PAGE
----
Think We've Lost Our Mojo? Think Again

Think We've Lost Our Mojo? Think Again

Updated Jun 13, 2012 at 1:45 PM CDT

Number of years it took to create the entire transcontinental railroad, which conquered mountains and deserts in opening the West to settlers back in the 1860s: 7.

Number of years it took to complete Boston's infamous "Big Dig" highway project, which opened officials to cries of "boondoggle" as cost over-runs and design flaws mounted: 16.

No, this isn't another story about how America's lost its mojo. In fact, the same company that laid hundreds of miles of those railroad tracks, Union Pacific, is celebrating its 150th anniversary, and -- while the public may accept politics-as-usual from their leaders -- you don't stay in business that long without consistently excelling.

"Practically everything that touches our daily lives moves on a train," says president and CEO Jack Koraleski. "That includes grains and produce to feed families, concrete for roads, lumber to build homes, and chemicals to make our water safe for drinking."

This year alone, Union Pacific (www.up.com) will invest a record $3.6 billion in infrastructure -- "so taxpayers don't have to," as Koraleski notes -- and hire about 4,000 workers to help U.S. industries transport their products both domestically and globally.

Part of that investment is to meet the huge demand, here and elsewhere, for corn and wheat grown by farmers in Iowa and Kansas. (U.S. corn yield alone is expected to exceed 170 bushels per acre by the year 2015.)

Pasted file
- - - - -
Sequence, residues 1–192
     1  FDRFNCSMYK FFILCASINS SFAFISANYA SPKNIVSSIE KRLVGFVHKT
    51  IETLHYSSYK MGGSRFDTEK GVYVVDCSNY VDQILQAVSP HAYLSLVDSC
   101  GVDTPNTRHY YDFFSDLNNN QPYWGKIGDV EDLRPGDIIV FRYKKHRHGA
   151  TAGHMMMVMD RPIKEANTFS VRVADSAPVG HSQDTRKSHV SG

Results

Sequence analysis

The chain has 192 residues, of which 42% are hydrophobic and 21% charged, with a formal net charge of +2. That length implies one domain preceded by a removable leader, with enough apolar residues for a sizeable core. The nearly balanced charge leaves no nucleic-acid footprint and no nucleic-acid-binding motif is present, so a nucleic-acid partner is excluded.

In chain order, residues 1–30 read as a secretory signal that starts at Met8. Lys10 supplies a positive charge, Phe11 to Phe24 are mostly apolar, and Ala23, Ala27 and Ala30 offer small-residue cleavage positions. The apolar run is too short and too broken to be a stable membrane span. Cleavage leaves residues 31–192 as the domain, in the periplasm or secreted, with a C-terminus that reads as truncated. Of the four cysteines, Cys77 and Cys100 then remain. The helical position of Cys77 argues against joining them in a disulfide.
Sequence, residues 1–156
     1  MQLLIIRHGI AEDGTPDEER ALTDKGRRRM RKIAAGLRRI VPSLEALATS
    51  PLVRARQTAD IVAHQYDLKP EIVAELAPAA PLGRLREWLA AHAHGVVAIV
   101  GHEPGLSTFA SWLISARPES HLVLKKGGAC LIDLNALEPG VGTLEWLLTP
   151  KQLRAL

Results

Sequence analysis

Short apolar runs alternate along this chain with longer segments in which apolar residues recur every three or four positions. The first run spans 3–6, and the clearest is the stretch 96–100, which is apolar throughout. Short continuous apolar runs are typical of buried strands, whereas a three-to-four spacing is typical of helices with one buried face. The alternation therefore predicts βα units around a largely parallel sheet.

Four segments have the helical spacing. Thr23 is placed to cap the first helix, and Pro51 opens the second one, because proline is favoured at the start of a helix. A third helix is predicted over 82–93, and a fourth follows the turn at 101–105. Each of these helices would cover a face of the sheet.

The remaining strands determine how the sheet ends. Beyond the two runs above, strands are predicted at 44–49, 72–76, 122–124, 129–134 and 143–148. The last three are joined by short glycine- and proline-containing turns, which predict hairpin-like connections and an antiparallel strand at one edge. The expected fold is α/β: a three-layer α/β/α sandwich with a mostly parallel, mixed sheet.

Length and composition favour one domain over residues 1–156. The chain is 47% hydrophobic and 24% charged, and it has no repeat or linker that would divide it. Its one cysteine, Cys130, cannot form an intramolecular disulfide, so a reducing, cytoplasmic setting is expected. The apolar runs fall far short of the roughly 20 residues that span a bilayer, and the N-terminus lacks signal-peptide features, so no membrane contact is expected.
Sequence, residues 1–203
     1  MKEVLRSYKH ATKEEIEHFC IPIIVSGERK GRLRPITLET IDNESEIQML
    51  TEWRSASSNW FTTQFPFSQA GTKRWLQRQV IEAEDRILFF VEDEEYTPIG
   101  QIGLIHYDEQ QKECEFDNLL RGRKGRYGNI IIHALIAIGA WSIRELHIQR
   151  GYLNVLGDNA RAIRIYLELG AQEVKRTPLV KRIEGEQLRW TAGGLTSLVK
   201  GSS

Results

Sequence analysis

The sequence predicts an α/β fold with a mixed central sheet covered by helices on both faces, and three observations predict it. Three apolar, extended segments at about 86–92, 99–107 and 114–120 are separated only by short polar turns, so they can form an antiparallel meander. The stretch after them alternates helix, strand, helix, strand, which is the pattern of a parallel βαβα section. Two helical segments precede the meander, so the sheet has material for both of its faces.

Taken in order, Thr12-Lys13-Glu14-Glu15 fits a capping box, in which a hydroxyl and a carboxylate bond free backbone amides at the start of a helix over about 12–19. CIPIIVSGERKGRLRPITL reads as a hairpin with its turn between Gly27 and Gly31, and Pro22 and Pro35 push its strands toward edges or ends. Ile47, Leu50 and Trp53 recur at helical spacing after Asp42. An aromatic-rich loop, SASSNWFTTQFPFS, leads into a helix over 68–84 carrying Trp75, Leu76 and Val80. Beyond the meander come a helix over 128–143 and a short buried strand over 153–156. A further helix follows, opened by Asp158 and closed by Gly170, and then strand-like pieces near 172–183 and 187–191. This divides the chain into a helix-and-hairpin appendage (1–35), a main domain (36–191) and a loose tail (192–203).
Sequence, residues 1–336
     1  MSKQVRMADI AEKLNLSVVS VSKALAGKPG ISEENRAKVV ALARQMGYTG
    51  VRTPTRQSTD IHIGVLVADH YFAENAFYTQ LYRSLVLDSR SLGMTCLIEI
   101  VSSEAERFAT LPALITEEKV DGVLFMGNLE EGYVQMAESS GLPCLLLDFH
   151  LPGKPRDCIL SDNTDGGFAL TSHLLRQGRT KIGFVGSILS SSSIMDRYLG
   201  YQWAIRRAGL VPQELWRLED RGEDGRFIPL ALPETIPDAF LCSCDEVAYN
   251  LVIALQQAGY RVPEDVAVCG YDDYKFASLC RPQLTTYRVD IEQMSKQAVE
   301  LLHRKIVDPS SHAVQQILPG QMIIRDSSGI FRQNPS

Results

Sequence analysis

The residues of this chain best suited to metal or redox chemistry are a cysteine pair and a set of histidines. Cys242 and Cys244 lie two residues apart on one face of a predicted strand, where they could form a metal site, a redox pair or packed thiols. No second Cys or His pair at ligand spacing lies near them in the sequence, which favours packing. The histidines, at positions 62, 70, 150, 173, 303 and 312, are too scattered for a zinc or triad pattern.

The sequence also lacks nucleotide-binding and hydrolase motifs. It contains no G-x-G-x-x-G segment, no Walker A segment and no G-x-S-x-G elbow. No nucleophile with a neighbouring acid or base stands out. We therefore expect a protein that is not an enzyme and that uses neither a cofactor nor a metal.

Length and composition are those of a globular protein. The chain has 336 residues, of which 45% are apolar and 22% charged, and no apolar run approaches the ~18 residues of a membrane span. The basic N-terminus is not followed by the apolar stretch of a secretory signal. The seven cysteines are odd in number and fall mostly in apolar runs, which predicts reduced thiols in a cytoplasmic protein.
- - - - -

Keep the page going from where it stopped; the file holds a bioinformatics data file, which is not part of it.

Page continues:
Another part is to help seamlessly move everything from cars to steel to plastic both to and from Mexico -- the majority of it going south -- which is our biggest trading partner after Canada.

And for those wondering what The New Big Thing might be to get the economy booming again, one thing is on almost everyone's radar screen.

Shale drilling, it's said, is America's next Gold Rush.

And, yes, even as energy analysts go ga-ga predicting all sorts of bonanzas from the new technology that's made it easier to extract fossil fuels from the ground -- Citigroup puts the number of potential new jobs alone at 3.6 million -- good, ol' reliable Union Pacific is already busy shipping U.S. crude oil to Gulf Coast refineries short on pipeline capacity. As much as 100,000 carloads of crude by year's end, according to the railroad's estimates, plus as much as 230,000 carloads of steel pipe and frac sand used for drilling.

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